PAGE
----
have lately had no end of Lupus flares and episodes of extreme fatigue.
Still, I maintained my basic optimism and resilience and beginning recently,
each night before I slept, I took my mind quickly through my Holy Lands --
the Sycamore Canyon Wilderness Area of Northern Arizona where as a Teen I
killed my extremely large Coming of Age Bear -- and as I did that I quietly
told myself, "While I sleep, push this killer Lupus down."
We have taken lately a few preliminary shorter trips into the Hills and
we've noted that I no longer have any shortness of breath and my legs, still
a little shaky going downhill, have been standing up well. And when I get
home, I am no longer exhausted as was once the case.
But, still, things were [and honestly are] tough. Then yesterday, when I
arose at my usual early hour, I felt good -- very good indeed. That
positive feeling even carried through most of the day.
So today we went much, much further: the long way to the First Top [this for
the benefit of family members who, although living elsewhere, know the
turf], following the trail [no human sign on it] that goes along the edge of
the steep canyon to our left. Then we topped out, saw our special valley of
the old John Gray [Hatchiorauquasha] winter camp, the mountains just beyond
still holding considerable snow. When we went down, we took the stretch of
what passes for a not-extensive BLM dirt road -- which we noted with
disfavor has been sort of smoothed with a small grader -- but we take heart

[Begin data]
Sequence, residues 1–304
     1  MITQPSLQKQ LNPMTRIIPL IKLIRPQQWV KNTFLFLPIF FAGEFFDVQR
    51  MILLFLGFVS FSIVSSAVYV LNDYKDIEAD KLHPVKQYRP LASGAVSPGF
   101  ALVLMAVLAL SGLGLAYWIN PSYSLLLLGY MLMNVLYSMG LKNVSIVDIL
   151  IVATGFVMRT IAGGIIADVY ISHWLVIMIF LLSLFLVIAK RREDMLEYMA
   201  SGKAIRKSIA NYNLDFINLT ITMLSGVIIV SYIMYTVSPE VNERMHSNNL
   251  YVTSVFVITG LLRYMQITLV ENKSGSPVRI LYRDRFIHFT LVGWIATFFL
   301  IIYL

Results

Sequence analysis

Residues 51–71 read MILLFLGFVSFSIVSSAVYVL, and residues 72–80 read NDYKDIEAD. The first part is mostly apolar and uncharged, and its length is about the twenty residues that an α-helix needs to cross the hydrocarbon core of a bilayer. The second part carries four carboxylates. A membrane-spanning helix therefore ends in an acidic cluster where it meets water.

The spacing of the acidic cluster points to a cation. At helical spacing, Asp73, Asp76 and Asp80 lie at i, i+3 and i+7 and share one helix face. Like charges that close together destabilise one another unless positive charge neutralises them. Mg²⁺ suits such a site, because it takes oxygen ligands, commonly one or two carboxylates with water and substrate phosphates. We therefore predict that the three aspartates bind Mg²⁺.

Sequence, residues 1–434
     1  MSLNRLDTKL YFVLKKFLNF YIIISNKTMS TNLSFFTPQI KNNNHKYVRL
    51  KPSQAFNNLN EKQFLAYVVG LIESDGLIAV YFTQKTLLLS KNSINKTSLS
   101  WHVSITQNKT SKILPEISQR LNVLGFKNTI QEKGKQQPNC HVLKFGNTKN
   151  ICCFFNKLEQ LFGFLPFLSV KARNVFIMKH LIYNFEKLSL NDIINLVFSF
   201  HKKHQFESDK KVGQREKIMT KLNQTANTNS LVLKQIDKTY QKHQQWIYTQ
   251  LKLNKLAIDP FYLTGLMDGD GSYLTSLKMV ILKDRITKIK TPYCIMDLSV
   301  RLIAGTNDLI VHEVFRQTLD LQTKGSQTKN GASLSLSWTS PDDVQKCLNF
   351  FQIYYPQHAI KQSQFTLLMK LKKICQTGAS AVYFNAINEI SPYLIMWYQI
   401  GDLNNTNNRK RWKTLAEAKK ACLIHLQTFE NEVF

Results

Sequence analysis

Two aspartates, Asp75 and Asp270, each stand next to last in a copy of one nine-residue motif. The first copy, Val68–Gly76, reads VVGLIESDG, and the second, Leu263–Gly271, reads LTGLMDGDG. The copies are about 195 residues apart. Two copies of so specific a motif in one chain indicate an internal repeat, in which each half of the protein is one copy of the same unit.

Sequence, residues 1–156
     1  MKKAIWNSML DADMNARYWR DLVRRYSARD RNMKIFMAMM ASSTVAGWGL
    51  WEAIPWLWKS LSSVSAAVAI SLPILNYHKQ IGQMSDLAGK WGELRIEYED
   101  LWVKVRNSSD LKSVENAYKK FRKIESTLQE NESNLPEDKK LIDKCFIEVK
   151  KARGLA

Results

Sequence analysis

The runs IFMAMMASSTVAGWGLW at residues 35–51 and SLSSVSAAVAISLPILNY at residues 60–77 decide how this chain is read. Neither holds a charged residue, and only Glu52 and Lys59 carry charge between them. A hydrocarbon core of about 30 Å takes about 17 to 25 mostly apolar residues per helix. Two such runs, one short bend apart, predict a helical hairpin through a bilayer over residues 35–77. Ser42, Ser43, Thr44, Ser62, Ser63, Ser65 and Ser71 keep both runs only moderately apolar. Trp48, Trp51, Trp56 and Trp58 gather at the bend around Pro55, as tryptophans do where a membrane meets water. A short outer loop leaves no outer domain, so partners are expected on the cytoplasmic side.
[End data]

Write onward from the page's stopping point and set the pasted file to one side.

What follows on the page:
in the fact that "Nothing lives long, only the Earth and the Mountains."
[Rain and snow will take care of that road.] As a kid in Northern Arizona,
fabricating my age to well-aware USFS personnel, I did much fire fighting
work and then remote lookout work -- and even did a full summer of the
latter much later, on a remote mountain in Northeastern Arizona back in the
Summer of '60. I have always known that roads mean people and some people
[not all] can mean, among other things, forest fires.
We reached home in very fine form indeed. It took much longer than would
have once been the case -- but we got to that which we targeted and we got
back. Next time, we'll shoot even higher.
We are, of course, under no illusions at all. SLE, a deadly adversary, is
rooted into my very being -- even deeper than bone, flesh, fiber. There are
many things I still can't do. But I am out to drive It down, 'way down,
back into its grim and nether Cave.
And to then bring down every blocking rock I can into that Den's entrance.
As Ever, H
HUNTER GRAY [HUNTER BEAR/JOHN R SALTER JR] Mi'kmaq /St. Francis
Abenaki/St. Regis Mohawk
Protected by Na´shdo´i´ba´i´
Check out our massive social justice website: www.hunterbear.org
Honored with The Elder Recognition Award by Wordcraft Circle of Native
Writers and Storytellers:
In our Gray Hole, the ghosts often dance in the junipers and sage, on the
game trails, in the tributary canyons with the thick red maples, and on the
high windy ridges -- and they dance from within the very essence of our own
inner being. They do this especially when the bright night moon shines down
on the clean white snow that covers the valley and its surroundings. Then
it is as bright as day -- but in an always soft and mysterious and
remembering way. [Hunter Bear]